Plants perennial. Culms 20-150 cm, erect. Sheaths smooth, reddish; ligules 0.5-0.8 mm, cilia 0.2-0.5 mm; blades 10-15 cm long, 2-7 mm wide, flat or folded, glabrous or pubescent. Rames 3-7 cm, secund, with 12-22, brown to reddish-brown, sessile-pedicellate spikelet pairs. Homogamous spikelets 6-10 mm. Heterogamous spikelets: sessile spikelets 5-10 mm, brown, awned; calluses 1.8-2 mm, strigose; awns 6-10 cm; pedicellate spikelets 6-10 mm, unawned; glumes ovate-lanceolate, glabrous or with papillose-based hairs distally, without glandular pits, greenish to purplish-brown, becoming stramineous when dry. 2n = 40, 50, 60.
Heteropogon contortus is a valuable forage grass if continuously grazed so as to prevent the calluses from developing. It is also considered a weed, being able to establish itself in newly disturbed and poor soils.
Dr. David Bogler, USDA NRCS PLANTS Database
Perennials, Terrestrial, not aquatic, Stems nodes swollen or brittle, Stems erect or ascending, Stems caespitose, tufted, or clustered, Stems terete, round in cross section, or polygonal, Plants aromatic or malodorous, Stem internodes hollow, Stems with inflorescence less than 1 m tall, Stems, culms, or scapes exceeding basal leaves, Leaves mostly cauline, Leaves conspicuously 2-ranked, distichous, Leaves sheathing at base, Leaf sheath mostly open, or loose, Leaf sheath smooth, glabrous, Leaf sheath or blade keeled, Leaf sheath and blade differentiated, Leaf blades linear, Leaf blades 2-10 mm wide, Leaf blades mostly flat, Leaf blades mostly glabrous, Ligule present, Ligule a fringed, ciliate, or lobed membrane, Ligule a fringe of hairs, Inflorescence terminal, Inflorescence a dense slender spike-like panicle or raceme, branches contracted, Inflorescence solitary, with 1 spike, fascicle, glomerule, head, or cluster per stem or culm, Inflorescence single raceme, fascicle or spike, Inflorescence branches 1-sided, Flowers bisexual, Flowers unisexual, Spikelets pedicellate, Spikelets sessile or subsessile, Spikelets dorsally compressed or terete, Inflorescence or spikelets partially hidden in leaf sheaths, subtended by spatheole, Spikelet less than 3 mm wide, Spikelets with 2 florets, Spikelets paired at rachis nodes, Spikelets in paired units, 1 sessile, 1 pedicellate, Pedicellate spikelet rudimentary or absent, usually sterile, Spikelets bisexual, Spikelets unis exual, Spikelets disarticulating below the glumes, Spikelets disarticulating beneath or between the florets, Spikelets conspicuously hairy , Rachilla or pedicel glabrous, Glumes present, empty bracts, Glumes 2 clearly present, Glumes equal or subequal, Glumes equal to or longer than adjacent lemma, Glume surface hairy, villous or pilose, Glumes 8-15 nerved, Lemmas thin, chartaceous, hyaline, cartilaginous, or membranous, Lemma 3 nerved, Lemma apex acute or acuminate, Lemma distinctly awned, more than 2-3 mm, Lemma with 1 awn, Lemma awn 2-4 cm long or longer, Lemma awned from tip, Lemma awn twisted, spirally coiled at base, like a corkscrew, Lemma awn once geniculate, bent once, Lemma margins thin, lying flat, Lemma straight, Callus or base of lemma evidently hairy, Callus hairs shorter than lemma, Stamens 3, Styles 2-fid, deeply 2-branched, Stigmas 2, Fruit - caryopsis, Caryopsis ellipsoid, longitudinally grooved, hilum long-linear.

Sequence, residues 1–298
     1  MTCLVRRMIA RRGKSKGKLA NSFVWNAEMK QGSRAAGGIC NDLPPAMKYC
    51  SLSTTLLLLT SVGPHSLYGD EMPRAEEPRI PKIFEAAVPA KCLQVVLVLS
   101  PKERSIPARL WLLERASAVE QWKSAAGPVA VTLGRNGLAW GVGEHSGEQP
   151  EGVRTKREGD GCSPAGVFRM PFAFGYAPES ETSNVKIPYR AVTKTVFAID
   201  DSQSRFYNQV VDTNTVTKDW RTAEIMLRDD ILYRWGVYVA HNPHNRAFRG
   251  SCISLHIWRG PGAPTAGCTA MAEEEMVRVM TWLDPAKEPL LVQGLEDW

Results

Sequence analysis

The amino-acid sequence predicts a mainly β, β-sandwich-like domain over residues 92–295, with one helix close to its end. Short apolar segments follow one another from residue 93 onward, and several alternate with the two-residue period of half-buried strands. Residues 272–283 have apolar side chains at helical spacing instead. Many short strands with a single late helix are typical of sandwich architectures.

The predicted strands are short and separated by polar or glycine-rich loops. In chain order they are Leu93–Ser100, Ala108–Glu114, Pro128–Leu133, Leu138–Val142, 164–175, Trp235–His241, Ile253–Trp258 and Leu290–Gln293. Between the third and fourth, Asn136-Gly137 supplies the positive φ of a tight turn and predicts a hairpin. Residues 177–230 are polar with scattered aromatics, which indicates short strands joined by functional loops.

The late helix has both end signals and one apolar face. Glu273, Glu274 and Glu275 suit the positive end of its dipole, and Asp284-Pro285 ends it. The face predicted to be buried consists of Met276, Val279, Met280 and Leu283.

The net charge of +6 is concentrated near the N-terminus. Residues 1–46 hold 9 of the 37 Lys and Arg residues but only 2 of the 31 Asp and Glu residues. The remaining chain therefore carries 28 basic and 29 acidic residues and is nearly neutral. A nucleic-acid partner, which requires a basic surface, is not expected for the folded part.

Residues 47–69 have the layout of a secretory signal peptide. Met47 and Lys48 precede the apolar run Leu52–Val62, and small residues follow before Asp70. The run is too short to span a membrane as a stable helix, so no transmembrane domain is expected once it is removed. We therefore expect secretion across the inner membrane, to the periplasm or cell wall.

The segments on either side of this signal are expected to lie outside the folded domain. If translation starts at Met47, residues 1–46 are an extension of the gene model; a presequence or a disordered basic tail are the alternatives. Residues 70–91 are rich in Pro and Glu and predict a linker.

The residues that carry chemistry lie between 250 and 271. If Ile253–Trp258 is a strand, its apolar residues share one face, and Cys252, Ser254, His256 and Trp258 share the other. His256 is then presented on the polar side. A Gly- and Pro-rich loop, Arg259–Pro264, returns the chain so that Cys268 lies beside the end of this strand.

FNA 2007, Gould 1980, Kearney and Peebles 1969
Common Name: tanglehead Duration: Perennial Nativity: Native Lifeform: Graminoid General: Small, tufted perennial grass; culms erect, 20-150 cm tall, usually branching well above the base. Vegetative: Sheaths smooth, reddish, compressed-keeled, mostly glabrous, with few long hairs at junction with blade; ligules <1 mm, truncate, membranaceous, brown, and fringed with white hairs; blades 10-15 cm long, 2-7 mm wide, folded or occasionally flat, glabrous Inflorescence: Rames 3-7 cm long, with 12-22, brown to reddish-brown, sessile-pedicellate spikelet pairs. The lowest few pairs of spikelets homogamous, unawned, 6-10 mm. Distal spikelet pairs heterogamous, with long-awned sessile spikelets, 5-10 mm, brown, the awns 6-10 cm, calluses 2 mm, strigose; pedicellate spikelets of the heterogamous pairs unawned, 6-10 mm; glumes ovate-lanceolate, glabrous or with papillose-based hairs distally, greenish to purplish-brown, becoming stramineous when dry. Disarticulation in the rames, beneath the sessile spikelets of the heterogamous pairs, sometimes also below their pedicellate spikelets. Ecology: Found in open, dry, rocky and sandy plains and slopes, from 1,000-5,500 ft (305-1676 m); flowers August to October, and occasionally in the springtime also. Distribution: s CA, AZ. s NM, s TX; south to s through MEX to S America and much of the Old World. Notes: A distinct perennial grass to 1.5 m, distinguished by the single-seeded spikelets with long, twisted, dark brown awns, which often fall entangled with the awns of other spikelets; also look for the large green-brown glumes subtending each spikelet which hug the inflorescence spike. A valuable forage grass. Ethnobotany: Unknown Etymology: Heteropogon is from Greek for differently or variously bearded, alluding to the difference between the awnless-homogamous spikelets and the awned-heterogamous spikelets; contortus means twisted, referring to the long, twisted awns. Synonyms: Andropogon contortus Editor: SBuckley 2010, FSCoburn 2014, AHazelton 2015
This project made possible by National Science Foundation Award 1410069